According to the case study published today, a man with celiac disease, alopecia, and rheumatoid arthritis was prescribed off label Tofacitinib to control the alopecia. He had always been less than strict on his gluten free diet and after starting the Tofacitinib returned to a gluten containing diet. Routine follow up for his celiac disease detected no mucosal damage in the small intestine. Wow! I’ve got some questions here…..
Rheumatoid Arthritis and Celiac disease
RA and celiac disease are not commonly known to travel in the same circles. By that I mean that the cluster of diseases commonly associated with celiac disease are Hashimoto’s Thyroiditis and Type 1 Diabetes because they have similar genetic roots. RA is considered an autoimmune disease, like Hashimoto’s and T1D. There is one study in the journals that links the microbiome to onset of RA. The rest of the articles seem to dance around a connection, but there is nothing solid there.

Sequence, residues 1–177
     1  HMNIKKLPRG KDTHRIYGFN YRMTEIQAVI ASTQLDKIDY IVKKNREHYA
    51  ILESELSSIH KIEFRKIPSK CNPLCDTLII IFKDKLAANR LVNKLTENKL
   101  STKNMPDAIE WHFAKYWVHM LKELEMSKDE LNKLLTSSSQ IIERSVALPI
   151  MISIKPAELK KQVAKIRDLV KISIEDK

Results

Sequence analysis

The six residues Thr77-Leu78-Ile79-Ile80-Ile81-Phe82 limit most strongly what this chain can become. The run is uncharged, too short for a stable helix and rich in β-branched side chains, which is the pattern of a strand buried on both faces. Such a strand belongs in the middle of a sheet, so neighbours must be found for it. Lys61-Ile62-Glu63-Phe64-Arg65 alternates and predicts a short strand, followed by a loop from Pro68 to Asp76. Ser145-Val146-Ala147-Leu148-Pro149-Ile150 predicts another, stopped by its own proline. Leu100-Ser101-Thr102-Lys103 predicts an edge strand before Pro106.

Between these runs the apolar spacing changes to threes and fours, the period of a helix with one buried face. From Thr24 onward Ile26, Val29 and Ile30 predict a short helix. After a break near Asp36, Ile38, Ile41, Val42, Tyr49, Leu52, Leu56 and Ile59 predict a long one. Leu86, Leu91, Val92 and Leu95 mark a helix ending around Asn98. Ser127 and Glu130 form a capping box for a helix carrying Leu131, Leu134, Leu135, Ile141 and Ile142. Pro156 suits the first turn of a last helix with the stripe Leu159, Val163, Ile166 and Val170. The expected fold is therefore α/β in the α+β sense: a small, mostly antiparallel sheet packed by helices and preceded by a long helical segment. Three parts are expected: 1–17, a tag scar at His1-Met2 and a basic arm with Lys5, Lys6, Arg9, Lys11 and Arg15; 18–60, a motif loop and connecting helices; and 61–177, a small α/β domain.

But it seems that on a chemical level the part of the immune system that is activated in celiac and RA seem to be the same. There are Interleukin-15 cells or IL-15 for short. IL-15 cells seem to be the central regulator in celiac disease. IL-15 cells appear in increased numbers in the gut mucosa of those with celiac disease. IL-15 cells are part of the increased fluid surrounding joints in RA patients.
Tofacitinib is the generic name for Xeljanz and Rinvoq among others- just so ya know.
Tofacitinib is used as an adjunct therapy for people with rheumatoid arthritis. It is typically not the first drug used, but is used in conjunction with other drugs to get the RA under control. That is typically how you hear it advertised.
Tofacitinib is also used for people with alopecia. Alopecia areata is considered an autoimmune disease where the immune system attacks hair follicles causing hair loss. There are lots of other types of alopecia, too.
Tofacitinib is also used to treat ulcerative colitis. Ulcerative colitis is an inflammatory bowel disease (IBD) that causes long-lasting inflammation and ulcers (sores) in your digestive tract.
As good as this drug may seem, there are side effects. Common side effects are headache, runny nose, shingles, increased risk of infections, common cold, and increased liver enzymes. There are heart attack risks in those over 50 and increased lymphoma risks. There are more and here is the link to the Xeljanz side effect list.
Tofacitinib and celiac